Gold Coast conservation projects continue to future-proof the region

The recently revealed eco-parkland heading to Currumbin Valley marks a new frontier in the region’s environmental and ecological projects. 

May 17, 2024, updated May 17, 2024

A 148-hectare site is set to be converted into the first eco-park of its kind, featuring hiking trails, picnic areas and wildlife rehabilitation. Planned for the heart of Currumbin Valley, the park represents a new milestone in the region’s continued commitment to conservation.

With a dual focus on conservation and wildlife protection, the eco-park has been designed to protect Gold Coast’s legendary landscape and animals for tourists and locals.

For fans of the country’s favourite furry friends, the eco-park will include an exciting new koala safe haven in partnership with the Currumbin Wildlife Sanctuary.

The koala safe home will help protect the population while also letting Gold Coast residents catch a peak of these beloved animals from the very same precinct they enjoy weekend hikes or family picnics.

The planning process relied on the advice of local sustainability groups and Elders.

The result of this collaboration can be seen in the addition of sites such as an impressive 46-hectare endangered blackbutt forest which aims to protect and rehabilitate this at-risk species.

By preserving the natural areas and introducing community facilities, the Currumbin Valley’s unique natural wonder can actively be appreciated and enjoyed for generations. 

The slated project follows the unveiling of the upcoming Greenheart Project unveiled in 2020.

“The finished 252-hectare parkland will straddle Robina and Merrimac and will be six times larger than the Broadwater Parklands, or about, two-thirds the size of New York’s Central Park,” said Gold Coast Mayor Tom Tate.

“This first stage will provide a much-needed recreation space with playgrounds, barbecues, picnic area, events lawn and water play area for our growing population.”

The sports precinct planned for Greenheart will cater for 4000 players with ample spectator seating and car parking to be located next to the event quarter.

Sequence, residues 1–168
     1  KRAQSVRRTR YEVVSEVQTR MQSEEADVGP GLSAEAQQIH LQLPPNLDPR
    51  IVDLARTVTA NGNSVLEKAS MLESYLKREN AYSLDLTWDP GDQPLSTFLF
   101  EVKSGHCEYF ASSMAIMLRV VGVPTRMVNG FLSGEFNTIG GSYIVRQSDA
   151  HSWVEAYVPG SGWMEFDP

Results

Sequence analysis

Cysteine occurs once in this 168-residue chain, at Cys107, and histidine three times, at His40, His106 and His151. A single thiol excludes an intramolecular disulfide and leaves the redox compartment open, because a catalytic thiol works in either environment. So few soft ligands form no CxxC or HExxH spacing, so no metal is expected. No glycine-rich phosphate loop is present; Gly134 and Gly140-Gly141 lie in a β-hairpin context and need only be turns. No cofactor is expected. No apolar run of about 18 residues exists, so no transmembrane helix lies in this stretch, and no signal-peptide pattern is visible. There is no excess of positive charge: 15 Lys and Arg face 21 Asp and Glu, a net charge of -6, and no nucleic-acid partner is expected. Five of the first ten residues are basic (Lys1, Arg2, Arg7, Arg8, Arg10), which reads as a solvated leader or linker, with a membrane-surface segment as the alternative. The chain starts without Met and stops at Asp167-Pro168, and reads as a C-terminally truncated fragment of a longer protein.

The proposed event lawn, designed to hold up to 50,000 people, will put Gold Coast on the international touring circuit, providing a state-of-the-art open-air facility.

Greenheart will fuse this passion for community with its care for conservation. In addition to sports and event facilities, the park will renew over 30-hectares of habitat and feeding grounds for birds and other wildlife.

In a recent study by The University of Queensland, the state’s national parks have been found to generate $2.64 billion in annual spending. These new e
co-tourist destinations are set to help tap into this market and provide both local and international tourists with premier outdoor experiences. 

Gold Coast’s conservation and environmental projects extend from the hinterland to the coastline, with the region remaining a world leader in coastal management.

Led by the likes of sand nourishment, the coastal management initiatives help widen the Gold Coast beaches to mitigate the effects of erosion while also protecting from the threat of flooding.

“The annual ‘beach boost’ dredging works are essential to ensure our natural resources can be enjoyed for decades to come,” explained Tate.

The strategic placement of sand along the Gold Coast coastline in the most recent initiative has seen a major improvement in beach health. By managing the beach environment, people of all abilities and backgrounds can continue to safely savour the Gold Coast’s world-famous shores.

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“Our dredging and beach nourishment programs ensure the Gold Coast’s beaches are in the best condition possible for tourists, residents, swimmers and surfers.”

Beyond locals and holidaymakers, Gold Coast’s beaches are world renowned for its surf breaks which sand nourishing programs help to boost.

The Tweed Sand Bypassing Project, for example, works to transport sand northwards on the coast and has finessed the Snapper Rocks surf break into one of the most famous breaks in the world.

Once the sand is pumped around the Burleigh Headland and Burleigh Beach, natural processes allow the sand tor travel north and nourish other beaches along the coastline.

When nourished, these beaches can also be host to world-class events on the sand, offering residents and visitors for a truly one-of-a-kind experience.

In a region like the Gold Coast, natural beaches contribute over $1 billion to the economy each year and it’s coastal resilience projects that help keep this local economy pumping.

“Beaches are vital to the Gold Coast way of life.”

While the region’s beaches and parklands have long been a landmark of the Gold Coast’s tourist and resident experience – effective conservation programs ensure this experience can be enjoyed for generations.

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